What assets will you leave behind? Have you written down what you want done with your online accounts? Who will inherit your photos? Music? Documents?
A digital legacy is about more than your email inbox – it’s the culmination of all your accounts, information and files that will be left after your death. It’s important to consider these and share your desires with trusted family/friends so that your wishes can be honoured at the time of your death. For instance, who should have your photos in the cloud? How long do you want your Facebook profile to be kept public? What about the manuscript you’ve been writing; who do you want to leave it to – after all it might be published next month and make a fortune!
Two years ago, we ran an informal survey in Wiltshire to find out how many people had considered their Digital Legacy. Of those surveyed, a shocking 90% said they hadn’t given it a thought.
Today, we estimate that the number of people who have thought about their digital legacy would be significantly higher, but we reckon that the number of those who have written their legacy is still an incredibly small percentage. Why is that? What keeps us from getting our digital affairs in order?
One issue is indifference: you might not think your digital assets are valuable. When you think about making a Will, you think about money in the bank and a few odd heirlooms. Although you like to post the odd photo on Facebook or Instagram, the idea of making a Will for these seems laughable!
Another issue might be the complexity of the task: it can feel like an incredibly complicated process of getting our digital selves organised. While your online accounts on social media, email, banking and entertainment might pop into your head quite effortlessly, there are also private assets you need to consider like your photos, music/movie downloads, files and documents too. But where do you start and what’s the law about these assets?
Part of the difficulty today is just how far behind law and policy are in the area of digital media, particularly as technology continues to develop every day. Unlike physical assets, digital assets are tricky to quantify, often undervalued and difficult to track.
So, what will happen if I die without a Digital Will?
By in large, your assets will be lost forever. Your photos, documents and information will cease to exist. As for social media, your profiles may live on for years and years, haunting your friends and family, until your account eventually expires or breaches policy (i.e.: by not accepting new terms or privacy agreement).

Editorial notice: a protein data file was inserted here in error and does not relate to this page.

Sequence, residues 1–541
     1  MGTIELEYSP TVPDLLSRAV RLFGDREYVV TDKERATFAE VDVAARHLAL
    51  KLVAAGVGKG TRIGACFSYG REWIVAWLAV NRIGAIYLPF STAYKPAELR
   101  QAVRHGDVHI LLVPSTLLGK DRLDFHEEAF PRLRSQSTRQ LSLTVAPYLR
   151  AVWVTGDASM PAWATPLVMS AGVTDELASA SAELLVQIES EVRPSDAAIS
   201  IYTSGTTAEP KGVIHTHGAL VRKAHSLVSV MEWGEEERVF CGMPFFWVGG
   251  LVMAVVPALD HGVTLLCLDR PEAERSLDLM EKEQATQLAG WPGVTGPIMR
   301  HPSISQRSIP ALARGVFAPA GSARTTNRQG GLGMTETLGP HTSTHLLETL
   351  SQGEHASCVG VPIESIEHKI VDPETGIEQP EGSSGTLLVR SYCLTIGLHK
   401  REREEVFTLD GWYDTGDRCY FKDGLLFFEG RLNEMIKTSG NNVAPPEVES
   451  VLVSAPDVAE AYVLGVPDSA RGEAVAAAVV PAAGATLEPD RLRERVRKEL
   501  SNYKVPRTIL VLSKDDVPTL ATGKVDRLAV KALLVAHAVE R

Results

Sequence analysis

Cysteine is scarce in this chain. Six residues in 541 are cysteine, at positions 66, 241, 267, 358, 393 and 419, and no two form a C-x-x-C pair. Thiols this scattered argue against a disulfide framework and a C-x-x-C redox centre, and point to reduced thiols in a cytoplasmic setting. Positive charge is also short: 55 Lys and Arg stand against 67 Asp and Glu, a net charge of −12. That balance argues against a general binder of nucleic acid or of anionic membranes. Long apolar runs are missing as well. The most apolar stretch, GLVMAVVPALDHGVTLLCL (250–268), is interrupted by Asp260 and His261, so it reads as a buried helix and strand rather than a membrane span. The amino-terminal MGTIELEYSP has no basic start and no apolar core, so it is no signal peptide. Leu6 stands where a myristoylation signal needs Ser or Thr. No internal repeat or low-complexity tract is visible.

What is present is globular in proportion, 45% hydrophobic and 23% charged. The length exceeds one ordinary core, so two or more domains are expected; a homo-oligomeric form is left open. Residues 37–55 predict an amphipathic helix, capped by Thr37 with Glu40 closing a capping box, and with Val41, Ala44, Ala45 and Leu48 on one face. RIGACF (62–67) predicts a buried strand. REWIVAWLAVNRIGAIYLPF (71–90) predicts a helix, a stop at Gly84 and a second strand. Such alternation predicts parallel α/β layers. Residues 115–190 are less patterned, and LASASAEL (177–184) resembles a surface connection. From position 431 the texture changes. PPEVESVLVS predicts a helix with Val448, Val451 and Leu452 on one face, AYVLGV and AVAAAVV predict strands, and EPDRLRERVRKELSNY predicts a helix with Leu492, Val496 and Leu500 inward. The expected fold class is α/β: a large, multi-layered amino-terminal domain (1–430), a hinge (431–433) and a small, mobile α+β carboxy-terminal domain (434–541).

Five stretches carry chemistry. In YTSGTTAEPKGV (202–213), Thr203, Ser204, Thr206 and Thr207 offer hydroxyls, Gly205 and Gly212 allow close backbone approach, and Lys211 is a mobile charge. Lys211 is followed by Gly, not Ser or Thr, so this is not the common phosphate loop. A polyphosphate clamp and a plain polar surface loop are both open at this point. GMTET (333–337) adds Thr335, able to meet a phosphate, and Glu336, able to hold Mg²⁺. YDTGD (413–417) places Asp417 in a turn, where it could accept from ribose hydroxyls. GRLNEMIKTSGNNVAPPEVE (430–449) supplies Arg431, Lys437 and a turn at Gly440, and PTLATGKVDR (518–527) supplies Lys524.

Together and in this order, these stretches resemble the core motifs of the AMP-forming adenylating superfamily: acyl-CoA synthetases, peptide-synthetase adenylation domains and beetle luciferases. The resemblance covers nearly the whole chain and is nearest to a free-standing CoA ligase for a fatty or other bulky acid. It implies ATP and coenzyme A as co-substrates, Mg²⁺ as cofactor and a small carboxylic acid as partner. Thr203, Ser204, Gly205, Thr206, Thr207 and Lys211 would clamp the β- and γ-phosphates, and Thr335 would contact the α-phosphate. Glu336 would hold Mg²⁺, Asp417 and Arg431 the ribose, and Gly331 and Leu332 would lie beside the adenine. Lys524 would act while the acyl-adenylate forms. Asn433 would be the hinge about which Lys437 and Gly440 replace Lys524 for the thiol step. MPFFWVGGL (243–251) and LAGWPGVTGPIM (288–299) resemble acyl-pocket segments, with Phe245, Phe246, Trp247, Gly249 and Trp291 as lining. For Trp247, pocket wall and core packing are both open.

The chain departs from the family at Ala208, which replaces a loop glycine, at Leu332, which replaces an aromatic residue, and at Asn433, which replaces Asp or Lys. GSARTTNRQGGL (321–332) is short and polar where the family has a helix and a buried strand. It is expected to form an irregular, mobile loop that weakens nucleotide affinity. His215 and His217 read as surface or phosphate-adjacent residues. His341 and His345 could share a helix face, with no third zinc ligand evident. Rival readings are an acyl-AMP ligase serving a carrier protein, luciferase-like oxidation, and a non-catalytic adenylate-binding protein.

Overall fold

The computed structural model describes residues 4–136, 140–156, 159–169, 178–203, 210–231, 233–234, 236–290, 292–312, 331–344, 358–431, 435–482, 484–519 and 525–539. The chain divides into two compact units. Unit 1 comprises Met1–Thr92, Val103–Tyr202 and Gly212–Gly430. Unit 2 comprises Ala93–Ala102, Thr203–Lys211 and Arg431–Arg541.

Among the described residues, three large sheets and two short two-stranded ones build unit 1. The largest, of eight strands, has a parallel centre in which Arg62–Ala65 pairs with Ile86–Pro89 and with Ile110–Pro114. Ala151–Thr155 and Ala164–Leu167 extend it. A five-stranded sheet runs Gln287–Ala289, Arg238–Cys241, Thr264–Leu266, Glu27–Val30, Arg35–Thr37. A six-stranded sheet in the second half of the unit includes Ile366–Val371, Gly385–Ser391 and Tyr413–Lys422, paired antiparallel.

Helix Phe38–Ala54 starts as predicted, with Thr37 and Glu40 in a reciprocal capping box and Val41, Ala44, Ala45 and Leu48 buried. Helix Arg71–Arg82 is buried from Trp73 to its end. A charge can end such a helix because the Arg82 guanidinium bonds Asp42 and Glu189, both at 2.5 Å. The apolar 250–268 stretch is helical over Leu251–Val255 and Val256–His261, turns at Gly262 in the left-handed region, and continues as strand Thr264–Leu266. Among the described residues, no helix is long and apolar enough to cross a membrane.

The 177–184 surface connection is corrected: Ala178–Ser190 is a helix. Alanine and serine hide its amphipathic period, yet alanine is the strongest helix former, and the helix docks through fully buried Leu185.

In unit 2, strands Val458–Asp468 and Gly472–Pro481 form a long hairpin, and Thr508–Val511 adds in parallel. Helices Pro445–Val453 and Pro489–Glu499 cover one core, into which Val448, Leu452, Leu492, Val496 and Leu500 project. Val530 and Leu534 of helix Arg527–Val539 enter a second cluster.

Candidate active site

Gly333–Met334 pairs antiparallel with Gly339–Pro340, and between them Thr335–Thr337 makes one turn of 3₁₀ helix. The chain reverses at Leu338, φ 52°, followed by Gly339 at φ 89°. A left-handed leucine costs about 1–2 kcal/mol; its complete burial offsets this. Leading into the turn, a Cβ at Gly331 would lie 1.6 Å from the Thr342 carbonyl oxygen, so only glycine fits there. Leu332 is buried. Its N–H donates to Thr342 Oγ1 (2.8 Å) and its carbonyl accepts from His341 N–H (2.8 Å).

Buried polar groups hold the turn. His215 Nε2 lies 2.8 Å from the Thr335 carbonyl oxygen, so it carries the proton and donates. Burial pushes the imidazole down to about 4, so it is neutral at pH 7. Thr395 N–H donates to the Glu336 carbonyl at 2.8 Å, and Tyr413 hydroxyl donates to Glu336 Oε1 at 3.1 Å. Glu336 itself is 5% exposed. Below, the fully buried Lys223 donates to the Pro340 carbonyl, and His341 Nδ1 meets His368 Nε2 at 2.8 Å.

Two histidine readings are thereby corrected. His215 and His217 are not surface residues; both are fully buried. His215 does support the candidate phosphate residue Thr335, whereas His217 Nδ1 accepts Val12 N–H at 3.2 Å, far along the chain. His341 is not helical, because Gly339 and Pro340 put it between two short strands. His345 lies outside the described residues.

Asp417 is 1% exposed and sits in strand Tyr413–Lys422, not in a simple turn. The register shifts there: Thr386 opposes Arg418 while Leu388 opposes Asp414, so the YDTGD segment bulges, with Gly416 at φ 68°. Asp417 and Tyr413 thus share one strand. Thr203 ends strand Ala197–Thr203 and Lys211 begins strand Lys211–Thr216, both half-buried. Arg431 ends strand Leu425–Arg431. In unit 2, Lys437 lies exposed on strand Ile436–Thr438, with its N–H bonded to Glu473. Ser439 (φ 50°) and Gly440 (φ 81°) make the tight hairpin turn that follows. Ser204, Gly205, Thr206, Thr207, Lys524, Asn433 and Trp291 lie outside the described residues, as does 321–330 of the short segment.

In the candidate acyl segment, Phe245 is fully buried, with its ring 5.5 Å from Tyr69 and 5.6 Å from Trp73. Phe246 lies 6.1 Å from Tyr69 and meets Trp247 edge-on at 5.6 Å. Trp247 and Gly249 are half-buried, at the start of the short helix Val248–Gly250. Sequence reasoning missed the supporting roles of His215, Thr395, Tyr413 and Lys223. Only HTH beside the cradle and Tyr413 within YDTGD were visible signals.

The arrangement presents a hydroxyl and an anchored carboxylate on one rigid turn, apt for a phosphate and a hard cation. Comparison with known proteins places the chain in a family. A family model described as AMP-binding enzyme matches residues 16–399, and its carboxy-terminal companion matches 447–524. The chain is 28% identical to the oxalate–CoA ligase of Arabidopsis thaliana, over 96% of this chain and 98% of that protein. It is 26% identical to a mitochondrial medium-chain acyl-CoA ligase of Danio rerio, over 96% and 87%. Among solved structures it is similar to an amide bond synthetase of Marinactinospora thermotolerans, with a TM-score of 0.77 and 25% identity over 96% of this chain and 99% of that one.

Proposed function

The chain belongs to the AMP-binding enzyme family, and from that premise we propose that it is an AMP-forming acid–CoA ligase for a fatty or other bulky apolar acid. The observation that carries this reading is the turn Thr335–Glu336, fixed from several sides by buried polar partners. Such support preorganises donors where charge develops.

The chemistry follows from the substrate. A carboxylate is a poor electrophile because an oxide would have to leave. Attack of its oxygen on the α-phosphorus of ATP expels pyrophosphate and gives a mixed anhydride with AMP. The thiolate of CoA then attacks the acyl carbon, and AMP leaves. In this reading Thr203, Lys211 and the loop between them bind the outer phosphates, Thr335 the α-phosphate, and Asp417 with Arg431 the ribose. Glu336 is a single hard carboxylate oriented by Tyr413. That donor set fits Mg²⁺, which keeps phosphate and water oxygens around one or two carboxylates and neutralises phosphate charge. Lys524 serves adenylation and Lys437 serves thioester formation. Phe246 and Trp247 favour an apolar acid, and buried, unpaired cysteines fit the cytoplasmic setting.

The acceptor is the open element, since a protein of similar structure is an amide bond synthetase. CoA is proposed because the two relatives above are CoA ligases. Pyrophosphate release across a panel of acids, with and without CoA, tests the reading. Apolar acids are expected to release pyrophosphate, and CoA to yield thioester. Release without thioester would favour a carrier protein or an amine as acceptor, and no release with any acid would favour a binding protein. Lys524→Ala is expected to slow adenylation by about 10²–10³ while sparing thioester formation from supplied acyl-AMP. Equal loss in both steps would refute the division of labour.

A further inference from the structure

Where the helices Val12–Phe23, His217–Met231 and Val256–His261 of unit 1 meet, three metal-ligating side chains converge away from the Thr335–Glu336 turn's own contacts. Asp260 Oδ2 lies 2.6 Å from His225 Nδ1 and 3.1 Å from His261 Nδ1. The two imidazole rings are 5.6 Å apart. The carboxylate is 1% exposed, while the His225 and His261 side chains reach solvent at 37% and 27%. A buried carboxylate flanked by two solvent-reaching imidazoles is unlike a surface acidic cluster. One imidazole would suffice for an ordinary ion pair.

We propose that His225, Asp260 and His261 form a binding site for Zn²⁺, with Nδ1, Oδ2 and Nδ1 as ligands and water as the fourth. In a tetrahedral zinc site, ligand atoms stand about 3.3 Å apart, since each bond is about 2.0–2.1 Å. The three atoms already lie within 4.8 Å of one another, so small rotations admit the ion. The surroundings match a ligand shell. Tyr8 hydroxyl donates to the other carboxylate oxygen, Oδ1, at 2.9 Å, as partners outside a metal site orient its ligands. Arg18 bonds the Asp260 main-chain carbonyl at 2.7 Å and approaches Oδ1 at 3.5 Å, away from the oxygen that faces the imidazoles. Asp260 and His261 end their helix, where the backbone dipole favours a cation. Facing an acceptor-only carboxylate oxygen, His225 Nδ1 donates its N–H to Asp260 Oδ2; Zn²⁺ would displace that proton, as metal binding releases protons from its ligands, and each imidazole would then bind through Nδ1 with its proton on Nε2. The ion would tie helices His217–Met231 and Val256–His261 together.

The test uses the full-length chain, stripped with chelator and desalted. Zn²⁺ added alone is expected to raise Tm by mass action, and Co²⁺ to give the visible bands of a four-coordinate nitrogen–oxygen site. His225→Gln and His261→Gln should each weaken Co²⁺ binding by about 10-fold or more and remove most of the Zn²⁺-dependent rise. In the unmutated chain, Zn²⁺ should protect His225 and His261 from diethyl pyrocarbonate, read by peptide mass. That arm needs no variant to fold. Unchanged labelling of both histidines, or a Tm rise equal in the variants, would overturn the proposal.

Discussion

How can I get my digital affairs in order?
We recommend starting by making a social media will. The Law Society recommends keeping, what they call, a Personal Asset Log which should include a list of all your digital assets.
The Log is a catalogue of all your account details, including the email address or phone number to which the account is linked. For instance, does your computer need a password to log on? And what websites do you use that need a password to access? Start your list by writing these down and here’s some other common online accounts: email, internet banking (e.g.: Lloyds, PayPal), utility websites, entertainment (i.e.: Netflix), social media, online shopping (e.g.: food, clothing, books, homewares, etc), auction sites (i.e.: eBay)
NOTE: Beware – the Law Society warns that an executor using a password or PIN to access an account after a death may be guilty of a criminal offence under the Computer Misuse Act. (This Act also prevents an executor from being able to access a bank account of the deceased, even if they have knowledge of the password).
Are there any websites that can help me?
Yes! Fortunately, there are several extremely helpful sites to guide this process. We recommend these:
Here you will find a Social Media Will template and a host of guides to help you. Definitely start here to get going: https://digitallegacyassociation.org/for-the-public/
Next, this site lists a number of digital services (i.e.: Gmail, Outlook, Facebook, etc), what their terms and conditions are and how to contact them if you have questions: https://www.bereavementadvice.org/topics/registering-a-death-and-informing-others/how-to-contact-different-services-digital-legacy/
Lastly, this is a fantastic article on the importance of accounting for your digital legacy: https://www.theguardian.com/tv-and-radio/2019/jun/02/digital-legacy-control-online-identities-when-we-die